More than 100 indie craft vendors from near and far will convene at the Columbia Metropolitan Convention Center on Sunday for Crafty Feast, a juried independent craft fair. Shoppers can peruse unique jewelery, toys, crafts and more from noon to 6 p.m. while enjoying food, drink and craft activities for children and adults.
Of the 110 vendors chosen for the craft fair, jewelry line Metamorphosis Metals was chosen as best in show – the first prize given in the five years this show has been held. Metamorphosis is run by Sonya Coulson Rook and Jackey Rook of Raleigh. Sonya Coulson Rook started working in jewelry design as a student at East Carolina University. In 2006, she started making and selling jewelry as a part-time job, but it quickly grew into a business. Her husband, Jackey Rook, joined her in the business in 2012.
The couple’s jewelry is made of hand-cut metal and range from simple shapes to animal cutouts to full diorama pieces that incorporate miniatures designed for use in model trains. Sonya Coulson Rook began doing the diorama pieces when she found a few miniature animals at a flea market and incorporated them into a found objects project. When she discovered where to find more, they became part of her jewelry collection.
Another vendor receiving top honors is Jellykoe, a Columbia-based specialty toy and art company. Husband-and-wife team J. Spencer and Kelly Shull create collectible plush toys, action figures and art prints with a unique aesthetic inspired from their own interests. Kelly Shull listed some of their influences as tattoo art, street art and offbeat TV cartoons like those on “Adult Swim.”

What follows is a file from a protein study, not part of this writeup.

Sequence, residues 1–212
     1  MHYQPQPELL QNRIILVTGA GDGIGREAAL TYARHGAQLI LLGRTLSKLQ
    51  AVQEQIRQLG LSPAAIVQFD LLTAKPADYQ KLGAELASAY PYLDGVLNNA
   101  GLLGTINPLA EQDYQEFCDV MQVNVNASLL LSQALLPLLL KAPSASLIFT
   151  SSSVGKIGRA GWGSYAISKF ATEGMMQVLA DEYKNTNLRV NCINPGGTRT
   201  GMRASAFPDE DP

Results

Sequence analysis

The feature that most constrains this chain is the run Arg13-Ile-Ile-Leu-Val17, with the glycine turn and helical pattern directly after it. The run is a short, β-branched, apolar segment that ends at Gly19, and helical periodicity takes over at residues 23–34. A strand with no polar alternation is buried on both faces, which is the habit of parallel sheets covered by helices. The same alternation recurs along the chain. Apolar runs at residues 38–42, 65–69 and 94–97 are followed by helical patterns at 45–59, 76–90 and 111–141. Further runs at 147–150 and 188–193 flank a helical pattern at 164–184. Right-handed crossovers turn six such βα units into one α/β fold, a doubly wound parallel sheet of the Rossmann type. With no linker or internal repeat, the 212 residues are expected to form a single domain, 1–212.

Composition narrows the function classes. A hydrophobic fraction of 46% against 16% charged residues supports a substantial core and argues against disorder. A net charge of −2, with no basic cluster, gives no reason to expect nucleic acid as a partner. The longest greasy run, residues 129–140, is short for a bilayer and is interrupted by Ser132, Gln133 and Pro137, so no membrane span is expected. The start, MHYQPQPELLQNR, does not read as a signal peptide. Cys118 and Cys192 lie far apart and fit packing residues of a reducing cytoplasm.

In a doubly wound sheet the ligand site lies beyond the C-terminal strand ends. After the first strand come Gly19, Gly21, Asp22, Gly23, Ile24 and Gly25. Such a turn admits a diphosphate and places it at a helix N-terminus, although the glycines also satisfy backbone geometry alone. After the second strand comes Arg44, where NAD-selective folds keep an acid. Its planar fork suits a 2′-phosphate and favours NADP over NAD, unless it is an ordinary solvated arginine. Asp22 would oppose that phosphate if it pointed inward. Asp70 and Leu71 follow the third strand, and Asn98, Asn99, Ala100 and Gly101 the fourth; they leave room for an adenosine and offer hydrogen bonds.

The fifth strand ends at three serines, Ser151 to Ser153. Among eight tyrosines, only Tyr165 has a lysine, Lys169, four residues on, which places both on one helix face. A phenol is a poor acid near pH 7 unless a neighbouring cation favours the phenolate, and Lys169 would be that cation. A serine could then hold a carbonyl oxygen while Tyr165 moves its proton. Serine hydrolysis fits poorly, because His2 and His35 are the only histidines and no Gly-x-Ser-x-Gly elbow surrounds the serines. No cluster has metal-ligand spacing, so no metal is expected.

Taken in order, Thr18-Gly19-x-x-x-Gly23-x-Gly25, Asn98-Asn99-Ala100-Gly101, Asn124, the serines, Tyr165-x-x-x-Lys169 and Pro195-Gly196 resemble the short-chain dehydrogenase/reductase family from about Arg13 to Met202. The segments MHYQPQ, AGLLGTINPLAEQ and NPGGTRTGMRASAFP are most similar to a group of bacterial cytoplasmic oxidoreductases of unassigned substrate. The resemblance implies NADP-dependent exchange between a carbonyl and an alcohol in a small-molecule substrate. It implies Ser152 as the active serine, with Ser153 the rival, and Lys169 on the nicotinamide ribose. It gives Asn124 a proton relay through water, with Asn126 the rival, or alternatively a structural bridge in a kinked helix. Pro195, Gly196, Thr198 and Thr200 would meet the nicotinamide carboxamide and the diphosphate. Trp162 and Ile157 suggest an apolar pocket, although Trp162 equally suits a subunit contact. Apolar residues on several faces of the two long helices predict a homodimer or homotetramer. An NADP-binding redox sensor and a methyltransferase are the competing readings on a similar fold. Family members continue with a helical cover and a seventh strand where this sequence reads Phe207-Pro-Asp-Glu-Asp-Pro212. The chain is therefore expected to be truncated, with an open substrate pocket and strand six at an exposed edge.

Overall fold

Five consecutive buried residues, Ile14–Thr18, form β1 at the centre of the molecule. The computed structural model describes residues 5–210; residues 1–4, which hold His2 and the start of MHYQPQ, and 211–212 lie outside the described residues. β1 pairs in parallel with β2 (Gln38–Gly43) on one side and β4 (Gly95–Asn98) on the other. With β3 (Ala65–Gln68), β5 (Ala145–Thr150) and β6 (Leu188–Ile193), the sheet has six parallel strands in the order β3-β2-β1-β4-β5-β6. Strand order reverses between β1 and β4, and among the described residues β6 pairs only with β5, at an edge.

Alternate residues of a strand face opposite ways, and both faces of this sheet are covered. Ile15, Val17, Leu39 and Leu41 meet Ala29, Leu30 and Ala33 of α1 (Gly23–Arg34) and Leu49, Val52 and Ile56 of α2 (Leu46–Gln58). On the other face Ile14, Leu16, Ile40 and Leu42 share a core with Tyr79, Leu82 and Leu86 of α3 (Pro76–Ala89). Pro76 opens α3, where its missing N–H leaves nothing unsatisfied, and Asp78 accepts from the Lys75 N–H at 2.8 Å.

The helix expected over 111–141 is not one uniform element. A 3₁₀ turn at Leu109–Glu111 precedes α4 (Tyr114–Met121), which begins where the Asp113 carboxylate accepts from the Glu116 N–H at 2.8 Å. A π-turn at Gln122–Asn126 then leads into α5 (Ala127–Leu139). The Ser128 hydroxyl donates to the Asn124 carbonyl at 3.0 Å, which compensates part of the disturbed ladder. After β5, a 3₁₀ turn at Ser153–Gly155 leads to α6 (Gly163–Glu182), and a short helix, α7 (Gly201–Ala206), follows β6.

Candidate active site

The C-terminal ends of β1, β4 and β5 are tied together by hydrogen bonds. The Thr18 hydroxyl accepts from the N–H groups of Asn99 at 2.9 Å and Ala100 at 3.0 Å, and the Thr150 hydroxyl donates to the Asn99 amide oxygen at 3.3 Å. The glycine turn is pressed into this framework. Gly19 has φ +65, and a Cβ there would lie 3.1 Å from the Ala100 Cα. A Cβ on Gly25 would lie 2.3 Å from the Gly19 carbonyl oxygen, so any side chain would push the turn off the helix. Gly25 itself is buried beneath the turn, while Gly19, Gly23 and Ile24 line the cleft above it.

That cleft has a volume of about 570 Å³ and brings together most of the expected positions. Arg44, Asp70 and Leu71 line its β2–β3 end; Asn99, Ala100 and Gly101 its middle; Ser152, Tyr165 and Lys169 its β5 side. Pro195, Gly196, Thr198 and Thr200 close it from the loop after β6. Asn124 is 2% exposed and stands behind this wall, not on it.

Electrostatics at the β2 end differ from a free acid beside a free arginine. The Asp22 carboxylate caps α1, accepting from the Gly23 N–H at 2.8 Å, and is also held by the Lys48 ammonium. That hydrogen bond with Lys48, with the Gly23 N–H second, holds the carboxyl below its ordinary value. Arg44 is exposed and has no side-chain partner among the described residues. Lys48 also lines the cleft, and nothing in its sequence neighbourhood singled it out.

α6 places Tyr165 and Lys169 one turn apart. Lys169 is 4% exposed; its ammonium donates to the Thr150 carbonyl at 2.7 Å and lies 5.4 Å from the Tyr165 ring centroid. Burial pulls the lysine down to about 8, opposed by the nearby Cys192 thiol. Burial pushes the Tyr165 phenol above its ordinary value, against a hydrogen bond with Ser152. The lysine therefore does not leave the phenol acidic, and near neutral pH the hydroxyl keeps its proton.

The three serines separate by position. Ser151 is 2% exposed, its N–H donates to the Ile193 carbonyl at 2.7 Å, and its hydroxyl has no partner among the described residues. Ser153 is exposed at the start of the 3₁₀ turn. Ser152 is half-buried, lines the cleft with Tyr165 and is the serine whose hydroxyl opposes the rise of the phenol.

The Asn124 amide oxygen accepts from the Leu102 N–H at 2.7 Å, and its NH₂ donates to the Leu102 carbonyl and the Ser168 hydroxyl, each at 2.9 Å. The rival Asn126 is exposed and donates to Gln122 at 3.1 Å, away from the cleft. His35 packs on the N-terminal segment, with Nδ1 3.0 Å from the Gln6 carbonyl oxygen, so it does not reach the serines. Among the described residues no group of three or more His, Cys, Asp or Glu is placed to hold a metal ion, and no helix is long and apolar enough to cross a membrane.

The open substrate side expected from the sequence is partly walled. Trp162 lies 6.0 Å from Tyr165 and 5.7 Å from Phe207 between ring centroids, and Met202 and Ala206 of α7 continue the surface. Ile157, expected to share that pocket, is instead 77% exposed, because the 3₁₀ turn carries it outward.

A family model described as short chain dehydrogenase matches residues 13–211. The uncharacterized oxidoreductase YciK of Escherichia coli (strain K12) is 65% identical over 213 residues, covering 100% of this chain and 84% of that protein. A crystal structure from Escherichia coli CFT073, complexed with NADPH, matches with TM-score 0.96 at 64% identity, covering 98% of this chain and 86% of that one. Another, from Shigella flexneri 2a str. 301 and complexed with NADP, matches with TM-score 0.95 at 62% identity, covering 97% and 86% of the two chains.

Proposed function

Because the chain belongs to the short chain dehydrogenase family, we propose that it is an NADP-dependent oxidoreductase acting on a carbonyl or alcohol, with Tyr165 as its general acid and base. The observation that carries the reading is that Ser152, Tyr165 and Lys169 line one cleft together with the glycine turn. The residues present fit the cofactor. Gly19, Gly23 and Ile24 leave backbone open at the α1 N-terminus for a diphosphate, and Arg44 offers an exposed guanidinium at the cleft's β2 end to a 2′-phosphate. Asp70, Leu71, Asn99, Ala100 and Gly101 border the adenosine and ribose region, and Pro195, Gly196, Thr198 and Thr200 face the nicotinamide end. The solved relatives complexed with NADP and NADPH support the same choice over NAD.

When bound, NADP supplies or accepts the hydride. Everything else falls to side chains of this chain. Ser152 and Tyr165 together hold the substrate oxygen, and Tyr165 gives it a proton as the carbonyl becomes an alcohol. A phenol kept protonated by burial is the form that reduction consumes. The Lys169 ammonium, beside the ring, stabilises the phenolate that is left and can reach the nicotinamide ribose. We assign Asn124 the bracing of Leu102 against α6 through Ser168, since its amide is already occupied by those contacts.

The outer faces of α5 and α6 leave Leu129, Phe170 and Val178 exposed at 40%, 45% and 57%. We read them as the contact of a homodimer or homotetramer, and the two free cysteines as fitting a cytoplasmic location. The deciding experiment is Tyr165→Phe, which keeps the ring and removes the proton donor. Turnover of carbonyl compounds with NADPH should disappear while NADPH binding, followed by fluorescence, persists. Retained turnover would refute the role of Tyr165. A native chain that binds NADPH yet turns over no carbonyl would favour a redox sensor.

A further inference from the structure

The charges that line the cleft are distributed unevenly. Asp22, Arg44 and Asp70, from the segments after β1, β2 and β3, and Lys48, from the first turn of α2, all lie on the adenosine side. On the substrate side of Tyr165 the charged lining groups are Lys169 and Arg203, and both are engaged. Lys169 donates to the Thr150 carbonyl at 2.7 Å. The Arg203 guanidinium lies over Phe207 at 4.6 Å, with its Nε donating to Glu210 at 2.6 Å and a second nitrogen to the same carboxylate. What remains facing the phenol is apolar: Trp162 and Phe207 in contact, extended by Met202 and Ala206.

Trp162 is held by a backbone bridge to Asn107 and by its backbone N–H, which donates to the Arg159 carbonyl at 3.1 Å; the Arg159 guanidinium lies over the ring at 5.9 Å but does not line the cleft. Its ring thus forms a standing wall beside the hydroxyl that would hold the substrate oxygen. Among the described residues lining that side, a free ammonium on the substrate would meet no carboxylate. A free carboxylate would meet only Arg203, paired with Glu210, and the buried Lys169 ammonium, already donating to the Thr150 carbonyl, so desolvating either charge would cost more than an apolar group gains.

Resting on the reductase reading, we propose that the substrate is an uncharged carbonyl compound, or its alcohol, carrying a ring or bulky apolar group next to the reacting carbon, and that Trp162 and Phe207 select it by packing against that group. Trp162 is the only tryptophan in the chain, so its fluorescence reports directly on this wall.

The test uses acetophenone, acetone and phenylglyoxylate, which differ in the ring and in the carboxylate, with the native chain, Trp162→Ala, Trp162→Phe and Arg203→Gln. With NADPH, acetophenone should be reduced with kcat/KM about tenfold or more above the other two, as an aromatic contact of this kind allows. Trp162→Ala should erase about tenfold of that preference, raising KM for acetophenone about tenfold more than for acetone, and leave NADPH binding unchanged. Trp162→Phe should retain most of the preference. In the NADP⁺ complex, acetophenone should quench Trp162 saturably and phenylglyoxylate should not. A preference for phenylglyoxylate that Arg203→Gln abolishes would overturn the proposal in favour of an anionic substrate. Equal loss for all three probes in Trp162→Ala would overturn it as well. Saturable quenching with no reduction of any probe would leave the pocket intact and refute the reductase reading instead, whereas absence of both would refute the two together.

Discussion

The seed for the company was planted when Kelly Shull, then a full-time teacher, made stuffed animals for her husband’s nieces. Now, she and J. Spencer Shull travel around the world selling toys and art and run South Carolina’s only designer toy company.
Rounding out the group of top honors is cozyblue, an Asheville-based embroidery company run by Liz Stiglets. Stiglets grew up with a mother who embroidered and picked up the skill at an early age.
“It was just a craft that was always around,” Stiglets said.
Like the Rooks and the Shulls, Stiglets’ business started as “an extension of a hobby.” She started selling her crafts when her children were young and she was already making a lot of baby- and child-sized knitwear. Her work consists largely of embroidery now.
More information about all 110 vendors can be found at craftyfeast.com